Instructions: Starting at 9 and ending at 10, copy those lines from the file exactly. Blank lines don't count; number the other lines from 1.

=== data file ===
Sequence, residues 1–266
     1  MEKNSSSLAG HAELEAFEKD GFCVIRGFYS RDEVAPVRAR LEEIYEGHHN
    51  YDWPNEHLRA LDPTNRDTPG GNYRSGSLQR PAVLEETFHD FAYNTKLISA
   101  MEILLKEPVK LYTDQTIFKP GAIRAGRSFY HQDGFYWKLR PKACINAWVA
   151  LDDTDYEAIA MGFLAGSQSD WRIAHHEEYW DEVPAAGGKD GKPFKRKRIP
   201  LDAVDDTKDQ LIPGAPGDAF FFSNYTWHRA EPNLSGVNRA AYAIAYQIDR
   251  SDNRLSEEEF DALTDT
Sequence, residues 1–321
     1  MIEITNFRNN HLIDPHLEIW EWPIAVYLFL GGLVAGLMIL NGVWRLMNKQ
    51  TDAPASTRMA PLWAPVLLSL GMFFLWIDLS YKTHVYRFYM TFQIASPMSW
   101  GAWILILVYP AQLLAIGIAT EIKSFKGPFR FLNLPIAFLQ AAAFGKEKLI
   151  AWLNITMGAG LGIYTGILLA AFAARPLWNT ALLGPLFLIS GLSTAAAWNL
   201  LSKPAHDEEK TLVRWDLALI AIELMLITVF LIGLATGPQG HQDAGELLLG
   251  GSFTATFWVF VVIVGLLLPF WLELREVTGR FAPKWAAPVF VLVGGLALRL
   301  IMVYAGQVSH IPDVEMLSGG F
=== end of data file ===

     1  MIEITNFRNN HLIDPHLEIW EWPIAVYLFL GGLVAGLMIL NGVWRLMNKQ
    51  TDAPASTRMA PLWAPVLLSL GMFFLWIDLS YKTHVYRFYM TFQIASPMSW